Updated: Jan 21
The first name for the island was Mayo as it appeared on a world map done by Juan de la Cosa (Source: A-Z Heritage by John Angus Martin).
Grenada was first called "Conception Island" or "Concepcion". This was the name that Christopher Columbus gave to Grenada when he discovered the island on his third Atlantic voyage in 1498. It is believed that this name "Concepcion" never appeared on any map.
At the time of Columbus' voyage, the island of Grenada was inhabited by the Caribs or Kalinago. The Caribs were a group of Amerindians from South America who were living on the island. The Caribs called Grenada by the name of "Camerhogne".
In and around 1523, the name "La Granada" appeared on a map produced by the Spanish.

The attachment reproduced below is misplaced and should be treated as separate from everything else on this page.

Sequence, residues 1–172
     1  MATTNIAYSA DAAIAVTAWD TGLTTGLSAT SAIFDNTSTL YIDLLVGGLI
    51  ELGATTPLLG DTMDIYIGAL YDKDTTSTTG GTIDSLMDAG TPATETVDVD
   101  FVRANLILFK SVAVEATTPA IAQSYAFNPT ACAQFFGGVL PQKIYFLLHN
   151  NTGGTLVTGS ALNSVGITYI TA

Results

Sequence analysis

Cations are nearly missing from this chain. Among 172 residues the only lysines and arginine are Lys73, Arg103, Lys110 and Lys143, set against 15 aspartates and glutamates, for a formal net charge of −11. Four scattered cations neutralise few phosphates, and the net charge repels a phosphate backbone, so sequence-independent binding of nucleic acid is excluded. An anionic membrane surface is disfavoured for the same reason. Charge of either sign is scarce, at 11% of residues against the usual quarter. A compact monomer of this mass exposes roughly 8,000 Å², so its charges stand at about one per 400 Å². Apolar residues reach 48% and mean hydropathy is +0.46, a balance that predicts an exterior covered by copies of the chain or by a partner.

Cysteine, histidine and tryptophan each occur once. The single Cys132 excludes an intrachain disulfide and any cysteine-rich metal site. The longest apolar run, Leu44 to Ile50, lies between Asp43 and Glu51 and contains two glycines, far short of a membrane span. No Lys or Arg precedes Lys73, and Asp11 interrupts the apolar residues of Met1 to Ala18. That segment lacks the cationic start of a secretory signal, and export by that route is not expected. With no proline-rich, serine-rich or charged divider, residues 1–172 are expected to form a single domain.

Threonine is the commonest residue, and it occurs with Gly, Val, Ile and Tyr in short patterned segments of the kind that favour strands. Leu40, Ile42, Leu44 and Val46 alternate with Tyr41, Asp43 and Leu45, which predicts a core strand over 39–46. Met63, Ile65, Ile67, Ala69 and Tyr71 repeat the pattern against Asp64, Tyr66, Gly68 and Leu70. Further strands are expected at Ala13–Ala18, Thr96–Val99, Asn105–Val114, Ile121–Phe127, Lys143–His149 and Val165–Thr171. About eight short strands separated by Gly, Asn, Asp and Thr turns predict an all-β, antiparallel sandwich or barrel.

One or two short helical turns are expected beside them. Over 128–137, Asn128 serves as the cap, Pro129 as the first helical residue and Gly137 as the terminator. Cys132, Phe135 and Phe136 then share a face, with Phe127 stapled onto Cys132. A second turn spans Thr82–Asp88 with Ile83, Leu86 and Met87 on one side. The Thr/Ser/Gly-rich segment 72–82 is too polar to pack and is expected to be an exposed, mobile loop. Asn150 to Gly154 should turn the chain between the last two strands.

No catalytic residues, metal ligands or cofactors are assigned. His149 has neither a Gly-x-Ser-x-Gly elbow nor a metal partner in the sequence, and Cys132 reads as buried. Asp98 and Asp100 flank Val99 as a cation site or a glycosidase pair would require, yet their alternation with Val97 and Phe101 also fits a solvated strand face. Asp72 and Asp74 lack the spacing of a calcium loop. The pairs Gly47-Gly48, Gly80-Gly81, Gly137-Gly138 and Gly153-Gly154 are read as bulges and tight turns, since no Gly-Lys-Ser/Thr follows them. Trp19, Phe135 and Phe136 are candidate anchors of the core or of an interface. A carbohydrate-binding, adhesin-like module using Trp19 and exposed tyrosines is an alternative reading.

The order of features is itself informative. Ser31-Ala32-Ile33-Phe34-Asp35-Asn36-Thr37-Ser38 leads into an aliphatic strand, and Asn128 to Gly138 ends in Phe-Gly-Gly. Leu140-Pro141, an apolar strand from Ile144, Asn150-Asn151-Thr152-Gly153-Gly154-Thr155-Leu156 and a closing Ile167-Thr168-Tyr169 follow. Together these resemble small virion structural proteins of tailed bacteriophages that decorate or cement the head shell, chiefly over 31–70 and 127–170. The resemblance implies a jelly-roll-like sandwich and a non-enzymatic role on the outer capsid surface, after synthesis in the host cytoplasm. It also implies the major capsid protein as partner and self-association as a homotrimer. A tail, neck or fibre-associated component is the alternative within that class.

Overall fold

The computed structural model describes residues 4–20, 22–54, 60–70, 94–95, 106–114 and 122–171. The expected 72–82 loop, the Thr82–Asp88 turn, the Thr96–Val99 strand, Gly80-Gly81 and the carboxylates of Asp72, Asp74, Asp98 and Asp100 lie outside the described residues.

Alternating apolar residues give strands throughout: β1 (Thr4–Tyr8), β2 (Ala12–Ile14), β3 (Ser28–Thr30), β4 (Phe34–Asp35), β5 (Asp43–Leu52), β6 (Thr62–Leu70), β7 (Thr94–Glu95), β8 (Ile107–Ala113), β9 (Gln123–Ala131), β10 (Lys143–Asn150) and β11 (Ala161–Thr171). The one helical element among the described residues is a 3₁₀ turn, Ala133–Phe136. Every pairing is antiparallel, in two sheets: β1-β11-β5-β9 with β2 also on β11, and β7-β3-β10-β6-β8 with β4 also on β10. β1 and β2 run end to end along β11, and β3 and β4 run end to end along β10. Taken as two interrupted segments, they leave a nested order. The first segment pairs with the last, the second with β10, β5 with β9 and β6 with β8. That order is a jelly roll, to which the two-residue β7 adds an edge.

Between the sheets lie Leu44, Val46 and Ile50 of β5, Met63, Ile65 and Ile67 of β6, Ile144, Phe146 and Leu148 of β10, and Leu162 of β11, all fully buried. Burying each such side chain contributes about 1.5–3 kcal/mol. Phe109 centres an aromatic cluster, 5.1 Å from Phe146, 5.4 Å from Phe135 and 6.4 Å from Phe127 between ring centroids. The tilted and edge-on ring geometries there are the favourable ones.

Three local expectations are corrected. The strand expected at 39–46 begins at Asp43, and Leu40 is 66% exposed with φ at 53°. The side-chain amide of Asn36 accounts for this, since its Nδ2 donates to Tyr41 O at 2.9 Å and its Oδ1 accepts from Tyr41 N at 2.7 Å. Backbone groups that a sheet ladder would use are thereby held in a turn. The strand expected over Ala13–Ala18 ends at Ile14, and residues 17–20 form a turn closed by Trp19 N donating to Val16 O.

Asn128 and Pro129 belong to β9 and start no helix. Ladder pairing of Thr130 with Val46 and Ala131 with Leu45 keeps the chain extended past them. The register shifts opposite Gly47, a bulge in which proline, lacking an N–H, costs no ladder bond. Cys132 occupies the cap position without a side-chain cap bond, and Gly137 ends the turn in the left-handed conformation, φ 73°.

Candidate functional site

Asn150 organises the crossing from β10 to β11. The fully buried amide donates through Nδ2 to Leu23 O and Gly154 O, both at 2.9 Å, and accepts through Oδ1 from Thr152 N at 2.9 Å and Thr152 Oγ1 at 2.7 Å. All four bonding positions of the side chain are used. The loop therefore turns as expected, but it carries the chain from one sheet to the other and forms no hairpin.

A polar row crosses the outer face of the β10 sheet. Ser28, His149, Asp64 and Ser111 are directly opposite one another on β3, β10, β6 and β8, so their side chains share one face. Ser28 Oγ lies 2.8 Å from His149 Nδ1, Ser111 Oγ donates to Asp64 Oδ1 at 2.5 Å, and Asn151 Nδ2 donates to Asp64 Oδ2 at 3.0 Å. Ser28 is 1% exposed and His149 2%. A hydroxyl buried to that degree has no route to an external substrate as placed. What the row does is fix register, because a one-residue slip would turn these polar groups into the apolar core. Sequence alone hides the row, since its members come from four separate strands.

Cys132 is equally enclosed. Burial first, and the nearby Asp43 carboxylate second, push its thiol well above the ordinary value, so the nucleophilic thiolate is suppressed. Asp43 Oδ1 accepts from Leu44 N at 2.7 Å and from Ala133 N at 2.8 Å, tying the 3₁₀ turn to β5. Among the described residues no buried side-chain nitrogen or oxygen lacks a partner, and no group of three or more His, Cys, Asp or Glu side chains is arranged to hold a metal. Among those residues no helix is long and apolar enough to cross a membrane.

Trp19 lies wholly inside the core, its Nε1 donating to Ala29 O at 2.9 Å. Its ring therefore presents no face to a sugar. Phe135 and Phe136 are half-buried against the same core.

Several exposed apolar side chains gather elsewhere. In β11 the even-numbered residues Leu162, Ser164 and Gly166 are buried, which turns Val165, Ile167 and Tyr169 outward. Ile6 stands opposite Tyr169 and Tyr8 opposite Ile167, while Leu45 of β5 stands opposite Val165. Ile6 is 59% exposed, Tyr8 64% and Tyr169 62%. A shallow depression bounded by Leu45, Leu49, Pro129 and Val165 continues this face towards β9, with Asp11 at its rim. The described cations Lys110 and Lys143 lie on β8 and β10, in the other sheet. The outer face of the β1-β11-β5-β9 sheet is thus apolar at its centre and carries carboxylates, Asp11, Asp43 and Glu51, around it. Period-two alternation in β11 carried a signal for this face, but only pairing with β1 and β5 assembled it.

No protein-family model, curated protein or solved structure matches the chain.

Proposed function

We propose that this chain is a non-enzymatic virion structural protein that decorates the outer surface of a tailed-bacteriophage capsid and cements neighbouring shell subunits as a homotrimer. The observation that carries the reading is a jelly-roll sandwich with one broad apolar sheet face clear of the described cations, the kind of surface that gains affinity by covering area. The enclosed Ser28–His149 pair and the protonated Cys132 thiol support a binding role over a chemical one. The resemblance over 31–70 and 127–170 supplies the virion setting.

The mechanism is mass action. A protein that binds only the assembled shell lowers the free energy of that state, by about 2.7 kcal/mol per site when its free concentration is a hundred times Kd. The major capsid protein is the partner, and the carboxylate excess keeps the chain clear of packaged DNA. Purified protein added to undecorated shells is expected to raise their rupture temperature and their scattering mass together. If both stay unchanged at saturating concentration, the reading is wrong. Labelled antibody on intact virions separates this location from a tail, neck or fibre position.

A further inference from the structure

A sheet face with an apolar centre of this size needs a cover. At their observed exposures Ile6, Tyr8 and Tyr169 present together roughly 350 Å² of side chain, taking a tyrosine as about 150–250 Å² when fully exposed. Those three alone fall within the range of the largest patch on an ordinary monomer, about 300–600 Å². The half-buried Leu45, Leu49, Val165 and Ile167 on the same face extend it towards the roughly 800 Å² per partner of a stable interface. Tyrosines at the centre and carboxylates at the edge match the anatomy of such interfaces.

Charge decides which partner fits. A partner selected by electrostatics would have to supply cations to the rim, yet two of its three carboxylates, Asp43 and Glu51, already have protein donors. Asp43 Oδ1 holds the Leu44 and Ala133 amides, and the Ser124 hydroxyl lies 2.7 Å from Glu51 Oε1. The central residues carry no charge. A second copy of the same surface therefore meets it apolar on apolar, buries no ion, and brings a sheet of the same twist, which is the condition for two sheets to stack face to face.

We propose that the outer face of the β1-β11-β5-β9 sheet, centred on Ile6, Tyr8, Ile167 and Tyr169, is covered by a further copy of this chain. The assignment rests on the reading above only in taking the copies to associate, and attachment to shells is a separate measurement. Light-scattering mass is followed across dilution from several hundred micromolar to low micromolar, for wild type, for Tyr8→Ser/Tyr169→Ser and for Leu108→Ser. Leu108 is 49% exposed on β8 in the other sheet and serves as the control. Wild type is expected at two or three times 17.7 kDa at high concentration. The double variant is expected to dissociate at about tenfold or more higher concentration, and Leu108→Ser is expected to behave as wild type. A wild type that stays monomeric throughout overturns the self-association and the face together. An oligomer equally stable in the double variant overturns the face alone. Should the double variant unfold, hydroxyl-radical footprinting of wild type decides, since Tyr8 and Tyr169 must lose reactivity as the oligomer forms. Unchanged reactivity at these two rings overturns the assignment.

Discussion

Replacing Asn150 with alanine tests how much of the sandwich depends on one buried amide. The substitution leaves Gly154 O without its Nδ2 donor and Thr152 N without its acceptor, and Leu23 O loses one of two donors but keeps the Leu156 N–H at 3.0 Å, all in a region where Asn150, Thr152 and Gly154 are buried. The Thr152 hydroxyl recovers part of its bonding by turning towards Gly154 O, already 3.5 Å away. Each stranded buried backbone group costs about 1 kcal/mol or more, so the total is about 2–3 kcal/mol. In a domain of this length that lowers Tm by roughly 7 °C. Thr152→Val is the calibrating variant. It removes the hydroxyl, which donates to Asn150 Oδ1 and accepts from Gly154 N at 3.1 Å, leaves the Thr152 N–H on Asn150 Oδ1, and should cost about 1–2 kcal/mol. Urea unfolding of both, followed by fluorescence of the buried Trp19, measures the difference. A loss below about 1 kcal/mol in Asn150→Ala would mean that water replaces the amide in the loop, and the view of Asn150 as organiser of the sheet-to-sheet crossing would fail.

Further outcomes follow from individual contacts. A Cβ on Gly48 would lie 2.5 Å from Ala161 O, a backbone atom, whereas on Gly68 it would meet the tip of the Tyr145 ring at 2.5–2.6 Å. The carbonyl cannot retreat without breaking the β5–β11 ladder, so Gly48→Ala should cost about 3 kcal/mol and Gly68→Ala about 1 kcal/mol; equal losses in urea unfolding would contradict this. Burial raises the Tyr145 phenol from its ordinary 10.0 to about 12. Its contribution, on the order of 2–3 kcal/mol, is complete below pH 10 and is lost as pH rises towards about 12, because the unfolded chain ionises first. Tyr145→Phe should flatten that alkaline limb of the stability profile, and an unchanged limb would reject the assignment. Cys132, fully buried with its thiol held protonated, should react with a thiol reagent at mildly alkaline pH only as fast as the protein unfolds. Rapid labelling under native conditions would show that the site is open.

Much later in 1650, The French took control of the island, and renamed the island "Grenade". A fight occurred between the French and the Caribs for the island, and it resulted in the Caribs jumping to their death at Leapers' Hill in the parish of Saint Patrick's . The British re-took control of the island in 1763 under the Treaty of Paris. The British renamed the island "Grenada" as it is known today.
Credits: Pronunciation Flash Cards
Learn more about Grenada's culture on the blog.